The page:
I like to keep things fresh: sharp mind, clean laundry, crisp produce. Stimulating new experiences. The first (and, admittedly, only) time I watched the movie Groundhog Day—in which Bill Murray is stuck repeating the same day over and over again—I had to fight every impulse to turn it off and walk away. I felt frustrated and claustrophobic and antsy just imagining having to drudge endlessly through the same twenty-four hours. What a...nightmare.
So much of life, though, is repetitive. Day in and day out we travel the same route to work (do you even remember the drive?), converse with many of the same people (were you really listening?), pick from among the same few culinary staples (did you taste every bite?). Similarly with our yoga practice: we move through the same series of sun salutations, hold the same asanas, traverse the same inner landscape with each inhale and exhale. At times, our routines can be comforting, grounding. They give us something to hold on to—a constant rhythm to ride and point of reference to return to. Other times, though, the familiar starts to feel like the tedious, the repetitive like the redundant. It all tastes a little stale, bland. Ordinary. What we do and say and see on a daily basis becomes something we long to escape.
It’s really easy to check out—to get so lost in where we wish we were, whom we wish we were with, what we wish we were doing, that we lose sight of the places, people, and pursuits right in front of us. We start to hold our real lives in contempt and resign ourselves to believing that they’ll never be anything more than paltry versions of our ideal, our wish, our dream. It happens on the mat, too. The more we practice, the more the poses and pranayama become second nature, and the easier it is to just “go through the motions.” To get complacent. To make the grocery list and replay last night’s argument and lament the weather outside rather than focusing on this posture, this breath, this moment.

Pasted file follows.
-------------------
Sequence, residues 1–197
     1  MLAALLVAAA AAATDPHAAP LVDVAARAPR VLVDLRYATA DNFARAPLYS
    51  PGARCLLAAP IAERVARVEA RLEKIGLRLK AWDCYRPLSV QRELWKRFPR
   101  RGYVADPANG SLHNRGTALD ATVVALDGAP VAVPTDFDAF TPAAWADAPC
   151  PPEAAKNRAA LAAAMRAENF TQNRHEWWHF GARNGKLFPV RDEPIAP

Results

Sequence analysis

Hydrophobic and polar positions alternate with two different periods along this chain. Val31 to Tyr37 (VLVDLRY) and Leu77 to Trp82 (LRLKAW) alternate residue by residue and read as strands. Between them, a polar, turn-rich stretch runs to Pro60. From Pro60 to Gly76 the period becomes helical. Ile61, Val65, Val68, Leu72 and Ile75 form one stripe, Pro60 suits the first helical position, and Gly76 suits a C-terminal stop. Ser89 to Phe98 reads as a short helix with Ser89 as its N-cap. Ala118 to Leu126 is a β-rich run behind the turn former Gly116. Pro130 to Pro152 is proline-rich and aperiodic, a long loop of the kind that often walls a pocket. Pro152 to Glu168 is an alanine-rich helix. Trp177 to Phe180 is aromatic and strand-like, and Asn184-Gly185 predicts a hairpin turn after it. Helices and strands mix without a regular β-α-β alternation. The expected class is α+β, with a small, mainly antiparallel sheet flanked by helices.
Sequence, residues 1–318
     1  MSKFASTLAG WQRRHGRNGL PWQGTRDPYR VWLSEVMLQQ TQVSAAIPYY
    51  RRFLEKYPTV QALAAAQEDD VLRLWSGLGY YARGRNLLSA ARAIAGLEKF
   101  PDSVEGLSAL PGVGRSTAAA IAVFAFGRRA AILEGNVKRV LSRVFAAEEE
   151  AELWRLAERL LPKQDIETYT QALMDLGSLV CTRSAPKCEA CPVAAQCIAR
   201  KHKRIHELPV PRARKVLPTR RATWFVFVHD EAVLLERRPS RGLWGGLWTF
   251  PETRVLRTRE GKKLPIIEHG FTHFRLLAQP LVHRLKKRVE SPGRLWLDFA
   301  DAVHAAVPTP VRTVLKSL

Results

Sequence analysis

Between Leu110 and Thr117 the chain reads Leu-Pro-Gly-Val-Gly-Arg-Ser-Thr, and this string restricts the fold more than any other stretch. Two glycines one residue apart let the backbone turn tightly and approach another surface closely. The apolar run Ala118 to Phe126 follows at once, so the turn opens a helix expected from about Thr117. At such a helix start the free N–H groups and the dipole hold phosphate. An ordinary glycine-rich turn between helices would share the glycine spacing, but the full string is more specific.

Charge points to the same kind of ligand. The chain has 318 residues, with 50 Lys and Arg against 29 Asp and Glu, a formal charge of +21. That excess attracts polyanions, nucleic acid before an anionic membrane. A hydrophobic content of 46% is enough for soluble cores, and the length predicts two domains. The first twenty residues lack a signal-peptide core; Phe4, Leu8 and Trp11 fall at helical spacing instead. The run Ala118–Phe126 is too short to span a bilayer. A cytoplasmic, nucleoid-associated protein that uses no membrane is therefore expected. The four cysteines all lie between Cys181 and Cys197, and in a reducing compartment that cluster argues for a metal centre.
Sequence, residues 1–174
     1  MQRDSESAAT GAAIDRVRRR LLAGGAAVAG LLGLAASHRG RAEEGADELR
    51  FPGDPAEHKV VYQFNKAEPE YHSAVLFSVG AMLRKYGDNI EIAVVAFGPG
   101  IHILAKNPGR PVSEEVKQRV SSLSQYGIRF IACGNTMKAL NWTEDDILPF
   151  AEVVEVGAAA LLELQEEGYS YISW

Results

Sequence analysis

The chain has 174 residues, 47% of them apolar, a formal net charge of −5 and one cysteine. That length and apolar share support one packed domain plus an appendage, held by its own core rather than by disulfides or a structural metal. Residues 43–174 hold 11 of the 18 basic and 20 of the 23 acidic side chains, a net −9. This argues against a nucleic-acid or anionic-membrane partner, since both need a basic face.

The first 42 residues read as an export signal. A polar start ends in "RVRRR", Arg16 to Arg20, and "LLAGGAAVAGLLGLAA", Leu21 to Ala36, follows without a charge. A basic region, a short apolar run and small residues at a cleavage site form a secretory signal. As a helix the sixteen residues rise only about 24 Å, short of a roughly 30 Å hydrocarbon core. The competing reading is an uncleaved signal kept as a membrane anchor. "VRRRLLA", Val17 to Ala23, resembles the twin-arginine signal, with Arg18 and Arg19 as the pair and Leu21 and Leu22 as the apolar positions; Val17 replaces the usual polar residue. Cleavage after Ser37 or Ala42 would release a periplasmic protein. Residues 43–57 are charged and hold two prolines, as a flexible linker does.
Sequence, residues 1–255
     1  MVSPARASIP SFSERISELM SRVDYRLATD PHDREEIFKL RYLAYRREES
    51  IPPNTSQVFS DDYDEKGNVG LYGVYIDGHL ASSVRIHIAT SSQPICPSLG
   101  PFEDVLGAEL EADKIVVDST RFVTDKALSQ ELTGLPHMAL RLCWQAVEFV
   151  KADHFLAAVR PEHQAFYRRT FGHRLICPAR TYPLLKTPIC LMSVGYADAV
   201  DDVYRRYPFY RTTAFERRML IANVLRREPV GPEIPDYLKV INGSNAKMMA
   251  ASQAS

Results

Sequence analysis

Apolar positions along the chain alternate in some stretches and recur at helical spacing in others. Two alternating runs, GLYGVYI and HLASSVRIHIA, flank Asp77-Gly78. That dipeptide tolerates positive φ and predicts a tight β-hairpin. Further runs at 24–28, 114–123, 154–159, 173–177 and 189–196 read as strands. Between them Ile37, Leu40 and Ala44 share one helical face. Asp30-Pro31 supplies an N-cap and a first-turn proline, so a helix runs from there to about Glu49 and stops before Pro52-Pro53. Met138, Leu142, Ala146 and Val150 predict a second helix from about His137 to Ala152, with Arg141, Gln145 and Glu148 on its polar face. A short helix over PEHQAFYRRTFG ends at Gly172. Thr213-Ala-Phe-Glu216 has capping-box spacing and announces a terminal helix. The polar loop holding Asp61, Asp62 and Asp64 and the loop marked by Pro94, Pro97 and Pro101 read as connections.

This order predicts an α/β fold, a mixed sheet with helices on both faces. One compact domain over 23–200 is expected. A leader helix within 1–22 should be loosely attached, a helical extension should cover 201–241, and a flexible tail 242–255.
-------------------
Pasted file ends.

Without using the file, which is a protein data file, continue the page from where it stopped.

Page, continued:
And that’s when we need to recommit. To reawaken. The goal of yoga, after all, is to recognize life—to feel the wonder of immortality as a mortal being. When we recognize something, we see it, we taste it, we imbibe it. We relish in its flavors—its rasas—and discern the nuanced tang of each ingredient. But we also re-cognize it—we literally “return to knowing” it again and again. We learn how to look at something, speak to someone, travel somewhere and shed a new light each time. Even on the same never-ending Groundhog Day.
Our “ordinary” lives are not tedious or dull or illusory or glum. In fact, they’re not ordinary at all. And that’s what yoga teaches us—that every moment is extraordinary so long as we recognize it as such, cherish it as such, live it as such. Yoga isn’t a vehicle for resolving something because—in spite of what fear-mongering newscasters and apocalyptic headlines would have us believe—our mortal existence, our “ordinary” life, is not problematic. Once we remove the imperative of problem solving, we’re left with a universe of infinite possibilities. What we do on the mat becomes the connective power that brings our inner world and outer world closer together, until eventually our “real” life becomes our spiritual life, our “ordinary” day becomes our extraordinary, sacred ideal. We wake up to our dreams.
One of my favorite yogins, teachers, and mentors starts every morning with a short and sweet affirmation: “Today will be the best day of my life so far.” With that mindset, how could a moment be just “ordinary”?
Wipe away the cobwebs, peel back the covers, and live your dream. Make today the best day of your life so far.